Thursday, 07 December 2023 12:36


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In the wake of the digital transformation across various sectors of the economy, data management, including processing and utilization is an integral component of any organization’s activities, no matter how big or small they are. Additionally, the benefits of data-driven decision making are immense and can significantly impact planning as well as the growth trajectory of your business

It is against this backdrop that the Council of Governors (CoG) ICT & Knowledge Manangement Committee in collaboration with the Office of Data Protection Commissioner (ODPC) on 20th November 2023, held a sensitization meeting to equip CoG staff with key insights on the need for data privacy and data protection in Kenya.

“As digitalization increases, so does the risk of your personal and institution data. As an institution, you should ensure that activities including CCTV surveillance and photography are carried out in compliance with the laws set by the office of ODPP” noted Mr Momanyi, an officer from the ODPC while undertaking the staff training. The session highlighted data protection laws and regulations, data breach prevention and response, secure data handling practices and best practices for data protection compliance. The team was taken through ways in which personal data is collected and used without the consent of data owners. For instance, you sometimes receive messages on your phone informing you about certain products in the market, a service or an event. How, you often wonder, do senders of such messages get your numbers?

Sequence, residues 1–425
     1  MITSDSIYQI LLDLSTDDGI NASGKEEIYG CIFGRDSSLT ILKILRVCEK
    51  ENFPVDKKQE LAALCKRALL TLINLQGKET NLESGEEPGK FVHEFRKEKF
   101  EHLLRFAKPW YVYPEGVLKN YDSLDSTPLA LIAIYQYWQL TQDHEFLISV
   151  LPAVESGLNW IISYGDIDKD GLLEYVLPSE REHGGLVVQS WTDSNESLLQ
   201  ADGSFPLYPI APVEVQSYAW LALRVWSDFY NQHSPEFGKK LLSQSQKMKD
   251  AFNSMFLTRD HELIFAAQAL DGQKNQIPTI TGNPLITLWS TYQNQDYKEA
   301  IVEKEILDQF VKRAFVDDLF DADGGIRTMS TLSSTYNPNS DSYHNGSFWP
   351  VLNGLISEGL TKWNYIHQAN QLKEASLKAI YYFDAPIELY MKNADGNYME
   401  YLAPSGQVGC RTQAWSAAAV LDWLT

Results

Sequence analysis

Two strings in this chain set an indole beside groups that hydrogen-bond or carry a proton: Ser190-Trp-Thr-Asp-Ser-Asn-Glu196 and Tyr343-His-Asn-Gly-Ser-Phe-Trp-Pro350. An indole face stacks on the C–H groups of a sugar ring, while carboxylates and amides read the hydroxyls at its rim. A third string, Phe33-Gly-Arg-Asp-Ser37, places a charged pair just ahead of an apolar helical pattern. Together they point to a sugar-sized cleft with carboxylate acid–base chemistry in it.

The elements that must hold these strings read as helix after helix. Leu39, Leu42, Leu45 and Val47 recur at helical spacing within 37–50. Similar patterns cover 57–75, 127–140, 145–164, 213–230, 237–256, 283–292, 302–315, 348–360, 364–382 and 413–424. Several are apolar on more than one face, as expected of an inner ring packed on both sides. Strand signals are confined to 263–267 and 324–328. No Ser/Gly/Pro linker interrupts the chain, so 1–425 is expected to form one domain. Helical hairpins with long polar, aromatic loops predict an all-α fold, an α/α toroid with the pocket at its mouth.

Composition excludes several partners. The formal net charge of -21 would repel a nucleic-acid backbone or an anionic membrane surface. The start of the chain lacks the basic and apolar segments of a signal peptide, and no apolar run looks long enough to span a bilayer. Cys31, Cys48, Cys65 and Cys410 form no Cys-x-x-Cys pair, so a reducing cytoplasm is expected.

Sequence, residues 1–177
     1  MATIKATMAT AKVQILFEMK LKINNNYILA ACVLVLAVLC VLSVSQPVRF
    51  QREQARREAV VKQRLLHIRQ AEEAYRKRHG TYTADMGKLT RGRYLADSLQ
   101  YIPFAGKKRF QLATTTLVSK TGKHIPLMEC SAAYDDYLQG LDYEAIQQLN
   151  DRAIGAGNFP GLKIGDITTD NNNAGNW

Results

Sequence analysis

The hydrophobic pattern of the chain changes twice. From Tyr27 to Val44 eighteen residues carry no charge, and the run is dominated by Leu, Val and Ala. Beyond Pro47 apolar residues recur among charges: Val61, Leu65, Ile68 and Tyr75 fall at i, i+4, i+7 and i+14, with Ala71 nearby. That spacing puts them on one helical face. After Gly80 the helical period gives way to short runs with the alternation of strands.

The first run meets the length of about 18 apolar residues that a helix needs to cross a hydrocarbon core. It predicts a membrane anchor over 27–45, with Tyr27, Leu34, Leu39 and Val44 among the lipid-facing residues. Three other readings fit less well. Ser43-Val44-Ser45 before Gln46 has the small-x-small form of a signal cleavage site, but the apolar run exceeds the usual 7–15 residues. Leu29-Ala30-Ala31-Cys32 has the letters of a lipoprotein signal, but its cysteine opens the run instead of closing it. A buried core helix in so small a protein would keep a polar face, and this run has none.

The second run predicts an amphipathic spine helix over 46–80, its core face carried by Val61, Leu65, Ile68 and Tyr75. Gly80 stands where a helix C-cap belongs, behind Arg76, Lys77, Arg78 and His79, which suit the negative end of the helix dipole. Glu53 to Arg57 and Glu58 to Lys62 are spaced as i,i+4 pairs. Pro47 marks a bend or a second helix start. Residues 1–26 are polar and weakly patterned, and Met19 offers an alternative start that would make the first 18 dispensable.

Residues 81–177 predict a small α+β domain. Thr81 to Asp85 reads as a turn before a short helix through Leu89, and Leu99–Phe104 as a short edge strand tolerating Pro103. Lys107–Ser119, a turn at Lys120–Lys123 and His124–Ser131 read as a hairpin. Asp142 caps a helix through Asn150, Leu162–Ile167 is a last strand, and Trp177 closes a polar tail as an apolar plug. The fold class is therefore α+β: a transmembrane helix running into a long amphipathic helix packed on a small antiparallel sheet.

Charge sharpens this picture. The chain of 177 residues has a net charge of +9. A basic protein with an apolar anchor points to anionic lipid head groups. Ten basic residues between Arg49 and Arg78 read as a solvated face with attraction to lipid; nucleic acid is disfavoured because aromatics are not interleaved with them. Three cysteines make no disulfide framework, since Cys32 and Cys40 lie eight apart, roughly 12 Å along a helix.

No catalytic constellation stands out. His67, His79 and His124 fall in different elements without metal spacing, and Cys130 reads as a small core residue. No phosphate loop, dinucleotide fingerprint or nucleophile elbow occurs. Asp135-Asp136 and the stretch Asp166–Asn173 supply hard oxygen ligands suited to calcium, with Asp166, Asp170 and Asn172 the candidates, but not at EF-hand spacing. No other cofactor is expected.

When you enter a building, and you supply your name, ID number and phone details, do you also consent to your information being used in any other way, other than the reasons for giving your details? Is it legal for a building management to require your personal information to allow you access to that building? Does it bother you that your personal information is accessible and used without your consent? These are some of the simple yet crucial aspects that you need to consider when it comes to data protection.

Article 31 of our Constitution safeguards the right to privacy. It provides that every person has the right to privacy, which includes the right not to have their person, home, or property searched, their possessions seized, information relating to their family or private affairs unnecessarily required or revealed, or the privacy of their communications infringed.

It was highlighted that the right to privacy is embedded in the Data Protection Act, 2019 (the “Act”) which is based on the idea that every human should have space to develop autonomously, have the liberty to interact with others, free from oppressive State intervention and extreme uninvited interference by other unwelcome individuals. on data protection, there are basic principles that ought to be considered. First, personal information should not be collected if there is no reasonable justification given for the

same. If it is collected, it must be used only for the purpose for which it was collected, and must not be revealed to others, in a way that makes it possible to connect the information to the person it is about without that person’s consent.

The Act and regulations have tried to address some of the problems that members of the public have been experiencing. For instance, commercial use of personal data to target marketing is regulated, and messages telling people they can opt-out of receiving marketing communications must be very clear, and the process is free and simple.

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